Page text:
KptLt Patrol Journal.    May 1940

It seems we must have performed well laying our mines in January.  U-48 has been tasked with another minelaying mission. Ah, well, we must do what we must.

May 12, 1940.  Mines have been successfully deployed of the English coast.  The job was completed without harassment.

May 19, 1940.  Encountered a tanking vessel, unescorted.  Wishing to save our limited number of torpedoes with another two weeks of patrol left, this tanker was dispatched with a single torpedo and the deck gun.

The remainder of the patrol was uneventful.

KptLt Walter Stohl.

Enemy Ship:     Wellfield       Tonnage:    6000      Campaign total:    31,700


 

KptLt Patrol Journal.   July 1940

Not much luck for our boat on this patrol.  Many hours of fruitless searching with little to show for it.  At this point, the crew and I are hoping for a different assignment and with it perhaps a change in luck.  At the same time, the vessels we are catching in these waters off the coast of England are mostly alone and easy pickings.  We only wish there were more of them.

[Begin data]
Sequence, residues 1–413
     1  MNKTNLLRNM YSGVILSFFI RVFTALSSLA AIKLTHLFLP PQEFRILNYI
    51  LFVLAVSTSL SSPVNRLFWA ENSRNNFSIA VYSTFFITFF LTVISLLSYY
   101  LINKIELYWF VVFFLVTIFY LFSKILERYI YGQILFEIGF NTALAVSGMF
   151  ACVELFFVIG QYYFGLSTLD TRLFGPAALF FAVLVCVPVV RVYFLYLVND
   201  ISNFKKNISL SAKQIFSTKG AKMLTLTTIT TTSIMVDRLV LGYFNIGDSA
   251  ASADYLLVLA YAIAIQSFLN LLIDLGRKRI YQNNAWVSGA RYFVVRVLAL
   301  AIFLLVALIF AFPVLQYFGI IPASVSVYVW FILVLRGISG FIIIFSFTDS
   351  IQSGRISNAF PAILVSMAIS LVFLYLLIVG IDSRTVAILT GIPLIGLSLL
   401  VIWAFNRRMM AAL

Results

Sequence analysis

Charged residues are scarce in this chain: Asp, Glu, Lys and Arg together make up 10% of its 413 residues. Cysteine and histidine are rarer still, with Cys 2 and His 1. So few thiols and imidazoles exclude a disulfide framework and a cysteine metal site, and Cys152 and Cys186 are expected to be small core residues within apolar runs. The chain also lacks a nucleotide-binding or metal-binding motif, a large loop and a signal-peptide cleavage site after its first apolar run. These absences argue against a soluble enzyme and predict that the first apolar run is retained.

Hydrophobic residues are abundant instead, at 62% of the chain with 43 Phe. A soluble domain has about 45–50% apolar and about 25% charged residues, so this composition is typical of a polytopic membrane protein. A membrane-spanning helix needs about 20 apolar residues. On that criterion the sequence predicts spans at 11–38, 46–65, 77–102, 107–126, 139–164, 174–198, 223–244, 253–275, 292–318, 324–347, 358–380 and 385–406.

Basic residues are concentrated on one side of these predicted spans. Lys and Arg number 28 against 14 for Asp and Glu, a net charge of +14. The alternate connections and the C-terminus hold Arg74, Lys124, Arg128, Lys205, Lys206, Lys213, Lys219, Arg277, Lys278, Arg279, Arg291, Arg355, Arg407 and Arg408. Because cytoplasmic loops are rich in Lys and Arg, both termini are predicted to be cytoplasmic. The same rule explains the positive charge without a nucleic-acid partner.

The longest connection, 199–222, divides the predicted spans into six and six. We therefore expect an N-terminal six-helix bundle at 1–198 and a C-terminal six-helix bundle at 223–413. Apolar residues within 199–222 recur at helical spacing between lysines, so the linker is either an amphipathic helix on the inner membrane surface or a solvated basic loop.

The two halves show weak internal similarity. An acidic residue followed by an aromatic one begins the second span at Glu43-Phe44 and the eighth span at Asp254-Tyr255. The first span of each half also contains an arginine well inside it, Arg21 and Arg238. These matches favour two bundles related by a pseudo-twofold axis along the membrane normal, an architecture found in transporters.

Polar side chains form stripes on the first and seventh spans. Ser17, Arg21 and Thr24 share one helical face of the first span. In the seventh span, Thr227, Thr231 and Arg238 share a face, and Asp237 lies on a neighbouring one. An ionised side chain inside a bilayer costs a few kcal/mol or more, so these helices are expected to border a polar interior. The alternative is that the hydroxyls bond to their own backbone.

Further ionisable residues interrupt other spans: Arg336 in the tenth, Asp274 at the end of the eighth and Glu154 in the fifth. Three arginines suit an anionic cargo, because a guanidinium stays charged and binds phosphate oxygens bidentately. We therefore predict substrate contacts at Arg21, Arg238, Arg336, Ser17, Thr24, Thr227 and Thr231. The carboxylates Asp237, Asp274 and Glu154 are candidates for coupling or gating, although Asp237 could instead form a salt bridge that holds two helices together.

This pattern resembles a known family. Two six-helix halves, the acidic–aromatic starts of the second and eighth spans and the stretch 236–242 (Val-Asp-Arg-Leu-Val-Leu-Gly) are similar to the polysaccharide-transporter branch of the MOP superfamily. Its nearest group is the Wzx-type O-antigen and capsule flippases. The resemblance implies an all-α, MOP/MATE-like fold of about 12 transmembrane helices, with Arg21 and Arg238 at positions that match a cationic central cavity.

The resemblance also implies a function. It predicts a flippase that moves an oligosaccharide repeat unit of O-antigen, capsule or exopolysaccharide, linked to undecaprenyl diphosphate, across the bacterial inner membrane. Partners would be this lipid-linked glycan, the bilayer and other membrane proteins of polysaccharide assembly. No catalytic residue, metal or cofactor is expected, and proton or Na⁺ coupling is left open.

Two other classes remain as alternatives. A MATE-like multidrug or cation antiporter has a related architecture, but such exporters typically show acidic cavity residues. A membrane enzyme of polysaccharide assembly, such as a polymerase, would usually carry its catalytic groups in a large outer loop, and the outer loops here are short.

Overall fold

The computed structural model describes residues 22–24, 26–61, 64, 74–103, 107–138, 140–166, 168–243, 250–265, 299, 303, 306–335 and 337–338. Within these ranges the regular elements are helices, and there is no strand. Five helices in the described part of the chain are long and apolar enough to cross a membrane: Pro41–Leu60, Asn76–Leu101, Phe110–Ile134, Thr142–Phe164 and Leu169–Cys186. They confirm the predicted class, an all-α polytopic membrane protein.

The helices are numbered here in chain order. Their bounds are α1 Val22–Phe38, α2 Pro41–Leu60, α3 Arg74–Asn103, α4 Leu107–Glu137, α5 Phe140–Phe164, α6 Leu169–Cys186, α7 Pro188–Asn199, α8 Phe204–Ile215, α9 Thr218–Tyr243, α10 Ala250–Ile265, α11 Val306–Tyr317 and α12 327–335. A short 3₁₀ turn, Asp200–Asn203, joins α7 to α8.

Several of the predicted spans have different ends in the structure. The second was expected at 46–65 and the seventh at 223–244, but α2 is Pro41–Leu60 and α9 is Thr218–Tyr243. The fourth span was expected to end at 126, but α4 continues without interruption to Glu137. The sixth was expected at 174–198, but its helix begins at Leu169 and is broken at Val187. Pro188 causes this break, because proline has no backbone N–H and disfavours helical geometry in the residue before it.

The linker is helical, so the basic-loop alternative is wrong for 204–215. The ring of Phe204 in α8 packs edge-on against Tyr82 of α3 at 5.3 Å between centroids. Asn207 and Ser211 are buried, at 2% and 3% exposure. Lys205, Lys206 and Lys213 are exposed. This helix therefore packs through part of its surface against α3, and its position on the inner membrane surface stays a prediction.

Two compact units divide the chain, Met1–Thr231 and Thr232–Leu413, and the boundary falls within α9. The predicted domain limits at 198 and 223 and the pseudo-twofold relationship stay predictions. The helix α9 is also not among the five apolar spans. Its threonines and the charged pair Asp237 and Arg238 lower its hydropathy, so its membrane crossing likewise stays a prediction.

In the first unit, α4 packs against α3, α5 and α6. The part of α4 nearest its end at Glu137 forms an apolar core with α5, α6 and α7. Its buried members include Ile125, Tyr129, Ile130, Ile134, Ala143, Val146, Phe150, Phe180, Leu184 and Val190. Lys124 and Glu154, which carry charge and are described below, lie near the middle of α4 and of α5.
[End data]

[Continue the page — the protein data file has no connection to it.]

July 22, 1940.  Finally we have a mark.  A larger shipping vessel attempting to slip our net.  A spread of four torpedoes netted two explosions.  The initial one was disappointing, but the second was spectacular, splitting the ship in two.  She went under quickly.

I do not wish to encounter the enemy, but we are beginning to wonder…… where is the English Navy?

My crew is becoming a single entity, each encounter brings them closer to running the boat as one.  It is satisfying to see the change.

KptLt Walter Stohl.

Enemy Ship:     Brandon       Tonnage:      6700     Campaign Total:     38,400


 

KptLt Patrol Journal.   Sep 1940

We have become complacent and overconfident.  Now we have paid a price for it.

Sep 8, 1940.   As we approach our patrol zone, we are set upon by an enemy aircraft.  Our spotters found him too late and our boat was strafed before we could dive for cover.  Unfortunately, we were unable to make him pay, but my crew moved quickly to get us under the waves and into cover.  Two crew members were wounded.  One, our Second Officer was gravely wounded.  Our medic, not being an actual doctor did his best, but it appeared we would need to get to port to save his life.  Alas, halfway home, we lost him.  Our first casualty.  I suppose we should be grateful that we made so many patrols before suffering a setback, but the loss is felt across the boat.